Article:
Rick Paradis, faculty member in the University of Vermont Environmental Program, will retire at the end of the spring 2018 semester after nearly 33 years with the program. A lecturer in the Rubenstein School of Environment and Natural Resources and Director of the UVM's Natural Areas, Rick taught, advised, and mentored students in the cross-campus undergraduate Environmental Studies major and oversaw the University’s ten Natural Areas.
Growing up on the edge of suburbia in a southern New Hampshire French Canadian village in the 1950s, Rick rambled in the woods and wetlands behind his home, hunted and fished, and developed his keen sense for the natural world. He received a bachelor of science degree in environmental conservation from the University of New Hampshire. After earning his master’s degree in natural resource planning from the Rubenstein School in 1985, Rick was hired by then Environmental Program Director the late Carl Reidel and former Assistant Director Tom Hudspeth to manage the Natural Areas and teach classes in the program.
“Rick’s commitment to our students in the program and the UVM Natural Areas will leave a lasting legacy,” said Nate Sanders, Director of the Environmental Program. “He has influenced the lives of thousands of students, in the classroom and in the field, and his efforts in shaping the Environmental Program and directing the Natural Areas will continue to benefit UVM students and others for decades to come.”
Rick is well-known by colleagues, students, and alumni for his environmental expertise and his dedication to teaching others about the natural world and providing hands-on learning opportunities in land conservation, restoration, and management.
"Rick Paradis has influenced my education by cultivating my passion for conservation through his own commitment to the environment — a commitment that I aspire to reproduce in my own career,” said Natalie Redmond ’18, an Environmental Studies major in the UVM College of Arts and Sciences. “I am grateful to have had the chance to work with someone as knowledgeable and enthusiastic as Rick, both as a student and as an advisee."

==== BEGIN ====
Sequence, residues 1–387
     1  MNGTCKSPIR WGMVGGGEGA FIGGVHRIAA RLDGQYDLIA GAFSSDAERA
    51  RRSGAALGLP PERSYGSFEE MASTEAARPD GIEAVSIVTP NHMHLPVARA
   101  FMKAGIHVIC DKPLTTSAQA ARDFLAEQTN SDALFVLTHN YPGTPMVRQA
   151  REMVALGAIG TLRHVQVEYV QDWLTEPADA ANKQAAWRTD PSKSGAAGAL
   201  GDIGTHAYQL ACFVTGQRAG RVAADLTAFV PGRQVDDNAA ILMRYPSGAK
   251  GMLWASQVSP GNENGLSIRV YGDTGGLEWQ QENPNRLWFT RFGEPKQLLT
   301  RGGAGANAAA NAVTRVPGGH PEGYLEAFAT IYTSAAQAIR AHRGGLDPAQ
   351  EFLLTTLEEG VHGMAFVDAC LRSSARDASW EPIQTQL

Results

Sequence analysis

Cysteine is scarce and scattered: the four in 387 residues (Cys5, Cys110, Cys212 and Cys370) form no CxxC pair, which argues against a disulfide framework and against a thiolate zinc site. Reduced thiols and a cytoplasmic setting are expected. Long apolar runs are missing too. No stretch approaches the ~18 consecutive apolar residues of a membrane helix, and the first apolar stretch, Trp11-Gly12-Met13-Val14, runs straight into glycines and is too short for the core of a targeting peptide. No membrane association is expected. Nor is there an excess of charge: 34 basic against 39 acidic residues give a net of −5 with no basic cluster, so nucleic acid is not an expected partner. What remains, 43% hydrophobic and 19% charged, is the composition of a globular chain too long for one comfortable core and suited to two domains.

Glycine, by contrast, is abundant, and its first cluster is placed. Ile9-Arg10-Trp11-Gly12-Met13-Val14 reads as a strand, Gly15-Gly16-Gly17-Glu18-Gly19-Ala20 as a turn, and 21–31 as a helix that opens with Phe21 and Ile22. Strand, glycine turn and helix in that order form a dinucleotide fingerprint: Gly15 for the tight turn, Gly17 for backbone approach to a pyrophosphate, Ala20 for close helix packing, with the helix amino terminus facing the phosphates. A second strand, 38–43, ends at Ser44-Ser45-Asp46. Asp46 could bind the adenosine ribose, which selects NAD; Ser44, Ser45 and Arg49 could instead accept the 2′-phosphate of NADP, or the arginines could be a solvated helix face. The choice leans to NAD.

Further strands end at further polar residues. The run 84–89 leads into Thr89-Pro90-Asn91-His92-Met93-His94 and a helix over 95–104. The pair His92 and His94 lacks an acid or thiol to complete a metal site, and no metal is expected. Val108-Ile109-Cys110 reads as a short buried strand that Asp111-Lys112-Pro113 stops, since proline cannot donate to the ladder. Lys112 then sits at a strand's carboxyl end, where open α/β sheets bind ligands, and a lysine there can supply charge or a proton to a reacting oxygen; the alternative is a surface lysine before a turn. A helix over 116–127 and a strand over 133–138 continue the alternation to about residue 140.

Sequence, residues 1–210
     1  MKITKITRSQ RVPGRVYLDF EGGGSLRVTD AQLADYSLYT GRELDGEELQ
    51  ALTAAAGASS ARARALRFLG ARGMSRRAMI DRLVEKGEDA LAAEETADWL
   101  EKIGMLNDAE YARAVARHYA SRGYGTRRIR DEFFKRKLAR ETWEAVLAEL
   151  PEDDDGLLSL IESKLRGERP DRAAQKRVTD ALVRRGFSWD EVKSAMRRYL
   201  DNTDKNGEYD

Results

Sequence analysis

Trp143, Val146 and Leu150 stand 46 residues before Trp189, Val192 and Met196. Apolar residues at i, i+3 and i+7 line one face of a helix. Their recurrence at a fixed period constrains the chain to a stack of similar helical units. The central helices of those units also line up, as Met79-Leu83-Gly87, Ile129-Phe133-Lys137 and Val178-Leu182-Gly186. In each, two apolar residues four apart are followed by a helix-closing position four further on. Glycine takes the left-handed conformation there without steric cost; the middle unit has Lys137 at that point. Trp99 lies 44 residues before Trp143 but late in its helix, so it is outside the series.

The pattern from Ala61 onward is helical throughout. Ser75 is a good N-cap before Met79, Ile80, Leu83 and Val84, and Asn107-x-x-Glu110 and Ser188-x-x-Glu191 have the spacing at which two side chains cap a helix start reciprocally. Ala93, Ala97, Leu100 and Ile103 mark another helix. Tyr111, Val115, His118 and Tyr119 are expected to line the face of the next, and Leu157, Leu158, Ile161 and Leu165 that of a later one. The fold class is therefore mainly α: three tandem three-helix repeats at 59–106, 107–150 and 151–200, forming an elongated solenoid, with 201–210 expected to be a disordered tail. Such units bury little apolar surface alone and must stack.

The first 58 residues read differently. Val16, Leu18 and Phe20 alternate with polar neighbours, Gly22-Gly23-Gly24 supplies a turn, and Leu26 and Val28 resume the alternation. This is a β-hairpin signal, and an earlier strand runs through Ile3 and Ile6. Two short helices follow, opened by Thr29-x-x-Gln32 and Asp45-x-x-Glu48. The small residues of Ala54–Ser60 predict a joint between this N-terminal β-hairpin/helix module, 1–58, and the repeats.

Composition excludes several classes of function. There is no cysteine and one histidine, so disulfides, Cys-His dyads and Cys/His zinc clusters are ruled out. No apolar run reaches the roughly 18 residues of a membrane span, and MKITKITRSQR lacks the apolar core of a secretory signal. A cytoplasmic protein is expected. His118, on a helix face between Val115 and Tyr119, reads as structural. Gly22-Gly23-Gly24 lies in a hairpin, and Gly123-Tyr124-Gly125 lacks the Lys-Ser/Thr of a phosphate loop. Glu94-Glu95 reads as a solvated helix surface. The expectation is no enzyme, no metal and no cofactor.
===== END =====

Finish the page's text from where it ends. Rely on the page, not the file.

It is the student engagement that Rick most valued. “I have enjoyed academia, research, and my faculty colleagues, but my true inspiration has come from the students,” said Rick. “There is something to be said for being surrounded by young, excited, optimistic folks who never get any older as they move through the university and program.”
He educated and guided students as instructor, advisor, and friend. He supervised UVM student employees to maintain the Natural Areas and trails and supported the experiential learning of undergraduate interns and graduate student programs through their stewardship and management of the lands.
“Over the four semesters that I have learned from and worked with Rick Paradis, I have felt encouraged, challenged, and inspired to follow my interests in land protection and stewardship,” said Mike Perrin ’19, an Environmental Studies major in the Rubenstein School who conducted research on the golden-winged warbler at Carse Wetlands Natural Area in partnership with Audubon Vermont. “Rick has been instrumental in guiding my career trajectory by exposing me to positions and leaders in my desired field, and he has always brought energy and excitement into his lectures with his jokes and enthusiasm. I admire Rick’s dedication to the Environmental Program and to the student body, and I thank him for his commitment in protecting, researching, and maintaining the UVM Natural Areas. The countless laughs and lessons will last a lifetime, and I know I will see Rick’s influence in all the conservation work that I do.”